Assaults on higher education continue unabated in South Asia

India, Pakistan and Afghanistan are among dozens of countries around the world where higher education has come harshly under attack during the last two years, according to the Education Under Attack 2022 report published last week. Universities in Afghanistan suffered 25 attacks perpetrated by militant armed groups.

Pakistan and Afghanistan are among 11 countries around the world where girls and women were reportedly targeted in attacks on education because of their gender.

The report, released on 1 June by the Global Coalition to Protect Education from Attack (GCPEA), identified more than 320 incidents of attacks on higher education in countries profiled in the study.

The incidents included 240 attacks directed at university students and personnel, and some 80 attacks targeted university facilities during the reporting period of 2020 and 2021.

GCPEA researchers found that prior to COVID-19, the total number of reported attacks in these countries was slightly higher, with 340 incidents in the previous reporting period of 2018 and 2019. This indicated that COVID-related lockdowns, rather than improvements in the situation on the ground, were behind the negligible decrease in reported attacks on higher education.

During the past two years, India and Pakistan were among four countries with the highest reported numbers of people harmed because of attacks on education, including arrests or abductions.

The case of Afghanistan

Some 130 attacks were carried out against schools in Afghanistan, while 25 incidents of assaults on universities were perpetrated by militant armed groups including the Taliban and Islamic State, which fought for control over Afghanistan during and after the withdrawal of the United States and allied forces in August last year, when Kabul fell to the Taliban.

Out of 25 incidents of attacks on higher education in Afghanistan, 16 were on higher education students and staff and nine on facilities.

Attacks on higher education increased in Afghanistan in various parts of the country, including a high-impact facility attack on Kabul University in November 2020. Explosives were detonated followed by gunfire, killing 22 students and injuring another 22.

The report found that targeted killings of professors in Afghanistan appeared to rise in 2021 compared to 2020, and identified an increase in reports of threats against female scholars and students after the Taliban took control of the country.

Higher education continues to suffer in Afghanistan, with bans on women in education and threats to the lives of academics, the report said, quoting Scholars at Risk.

The case of Pakistan

In Pakistan most attacks on education involved the violent repression by security forces of education-related protests in 2020 and 2021, while armed groups also continued attacking education, particularly girls’ education.

Although Pakistan experienced a smaller number of attacks on schools in this period, mainly due to COVID-related closures, the impact in terms of fatalities and damage to facilities was greater than in the previous reporting period of 2018 and 2019. State highhandedness against school teachers and students remained at the same level during both reporting periods.

There were at least 18 attacks on higher education in Pakistan during 2020 and 2021 in which four female vocational trainers were killed and more than 140 students and personnel were reportedly arrested.

The report found a slight increase in incidents compared to 2018 and 2019. The majority of attacks on people in higher education were to suppress peaceful demonstrations by university students, staff or faculty members raising their voices for salaries, fee reductions, promotions or for other employment- or education-related demands.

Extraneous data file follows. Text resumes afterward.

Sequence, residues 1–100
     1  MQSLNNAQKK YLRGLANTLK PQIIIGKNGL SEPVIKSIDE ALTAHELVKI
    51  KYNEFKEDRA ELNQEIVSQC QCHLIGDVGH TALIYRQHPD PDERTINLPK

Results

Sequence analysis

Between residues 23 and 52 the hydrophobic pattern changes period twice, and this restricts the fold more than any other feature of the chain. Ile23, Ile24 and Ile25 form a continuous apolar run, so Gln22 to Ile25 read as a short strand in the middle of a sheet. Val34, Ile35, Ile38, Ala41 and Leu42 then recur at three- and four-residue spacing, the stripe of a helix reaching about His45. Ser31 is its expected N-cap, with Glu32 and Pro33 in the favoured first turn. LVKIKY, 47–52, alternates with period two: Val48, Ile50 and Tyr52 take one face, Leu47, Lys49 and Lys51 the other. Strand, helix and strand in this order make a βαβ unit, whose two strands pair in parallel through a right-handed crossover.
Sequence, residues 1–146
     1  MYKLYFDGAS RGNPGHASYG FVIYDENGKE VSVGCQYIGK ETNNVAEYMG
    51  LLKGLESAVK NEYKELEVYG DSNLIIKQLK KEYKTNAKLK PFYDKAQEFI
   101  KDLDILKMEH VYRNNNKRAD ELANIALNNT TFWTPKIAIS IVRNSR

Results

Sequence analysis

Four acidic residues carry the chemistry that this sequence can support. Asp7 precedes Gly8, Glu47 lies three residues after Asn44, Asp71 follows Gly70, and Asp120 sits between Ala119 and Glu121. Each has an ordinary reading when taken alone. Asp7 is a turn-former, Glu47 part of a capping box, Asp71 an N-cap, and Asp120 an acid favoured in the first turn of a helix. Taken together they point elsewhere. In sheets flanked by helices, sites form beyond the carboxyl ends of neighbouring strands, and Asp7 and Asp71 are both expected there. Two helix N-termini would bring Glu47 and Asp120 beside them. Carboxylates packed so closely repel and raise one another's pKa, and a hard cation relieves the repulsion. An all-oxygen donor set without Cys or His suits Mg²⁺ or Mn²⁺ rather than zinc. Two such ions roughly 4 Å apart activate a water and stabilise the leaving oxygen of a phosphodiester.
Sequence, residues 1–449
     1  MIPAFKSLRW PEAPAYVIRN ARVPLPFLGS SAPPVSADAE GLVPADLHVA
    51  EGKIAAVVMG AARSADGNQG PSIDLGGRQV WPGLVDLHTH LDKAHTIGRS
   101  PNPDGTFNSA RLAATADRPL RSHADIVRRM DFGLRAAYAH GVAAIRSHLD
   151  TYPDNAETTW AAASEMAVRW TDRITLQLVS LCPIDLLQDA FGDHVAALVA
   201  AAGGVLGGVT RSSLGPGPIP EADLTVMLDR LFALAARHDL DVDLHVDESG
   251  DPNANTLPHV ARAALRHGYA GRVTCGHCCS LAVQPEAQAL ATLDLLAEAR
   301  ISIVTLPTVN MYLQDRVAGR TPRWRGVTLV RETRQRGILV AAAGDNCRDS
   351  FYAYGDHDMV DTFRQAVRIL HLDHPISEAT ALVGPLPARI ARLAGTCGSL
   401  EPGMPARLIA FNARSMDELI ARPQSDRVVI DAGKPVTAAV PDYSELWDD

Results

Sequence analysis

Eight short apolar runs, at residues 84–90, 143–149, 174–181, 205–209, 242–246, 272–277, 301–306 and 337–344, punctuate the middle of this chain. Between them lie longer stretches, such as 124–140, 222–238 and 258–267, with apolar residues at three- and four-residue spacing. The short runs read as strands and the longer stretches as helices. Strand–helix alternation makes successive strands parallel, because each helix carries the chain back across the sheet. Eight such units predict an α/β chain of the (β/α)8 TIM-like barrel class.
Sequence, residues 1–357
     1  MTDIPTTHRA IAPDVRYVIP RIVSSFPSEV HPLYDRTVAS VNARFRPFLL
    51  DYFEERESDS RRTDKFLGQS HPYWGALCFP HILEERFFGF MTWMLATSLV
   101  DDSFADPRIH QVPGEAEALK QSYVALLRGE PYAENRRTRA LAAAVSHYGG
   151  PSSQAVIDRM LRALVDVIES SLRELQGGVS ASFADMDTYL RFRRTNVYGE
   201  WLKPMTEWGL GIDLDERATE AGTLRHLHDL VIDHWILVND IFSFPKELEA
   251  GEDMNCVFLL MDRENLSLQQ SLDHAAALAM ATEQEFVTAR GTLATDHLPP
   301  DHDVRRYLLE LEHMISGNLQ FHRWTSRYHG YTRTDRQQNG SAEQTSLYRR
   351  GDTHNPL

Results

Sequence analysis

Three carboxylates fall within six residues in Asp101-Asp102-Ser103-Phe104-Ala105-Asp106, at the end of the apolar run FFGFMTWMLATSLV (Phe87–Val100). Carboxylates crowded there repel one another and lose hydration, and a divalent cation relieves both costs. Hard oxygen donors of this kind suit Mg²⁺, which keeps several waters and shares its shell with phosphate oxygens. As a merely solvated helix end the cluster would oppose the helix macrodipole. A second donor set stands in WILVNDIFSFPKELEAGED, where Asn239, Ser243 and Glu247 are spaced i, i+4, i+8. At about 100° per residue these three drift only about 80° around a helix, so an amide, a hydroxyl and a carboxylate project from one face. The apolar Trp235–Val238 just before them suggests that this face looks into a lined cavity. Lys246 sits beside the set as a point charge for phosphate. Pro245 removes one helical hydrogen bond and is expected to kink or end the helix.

The attacks by security forces on people in higher education also involved thrashing, beating and arresting Baloch students from the restive southwestern province of Balochistan, where security forces are facing an insurgency.

The case of India

India is also facing insurgency in the Jammu and Kashmir region, where security forces have used coercive powers to quell demonstrations by university students. According to the report, attacks on higher education in India appeared to decline in 2020 and 2021 compared to a peak in 2019, when India revoked the special status (autonomy) of Jammu and Kashmir.

Education remains under attack in other insurgency-hit areas in central and eastern states of India. Assaults on educational facilities by the Maoist Naxalite rebel movement have been reported, followed by the use of state force against the leftist groups.

Education Under Attack 2022 mentions at least 55 attacks on school pupils, teachers and other education personnel in India in 2020 and 2021, mainly to suppress education-related demonstrations.

GCPEA identified approximately 65 reported attacks on higher education in India in the last two years, in which the police reportedly detained or arrested more than 500 students and education personnel and used excessive force against students.

Attacks on higher education in India involved repression of protests rather than attacks on academic facilities, apart from cases of university students fighting forces in Jammu and Kashmir and in India’s eastern states.

Zafar Nawaz Jaspal, professor of international relations at Islamabad’s Quaid-i-Azam University, told University World News: “India, Pakistan and Afghanistan should start a dialogue to jointly address the common issue of attacks on higher education.

“India and Pakistan share a border and have the long-standing issue of Kashmir, while Pakistan and Afghanistan also share a border and have the long-standing issue of cross-border infiltration by militants. A joint security dialogue by these three countries should help in decreasing attacks by militants on higher education.”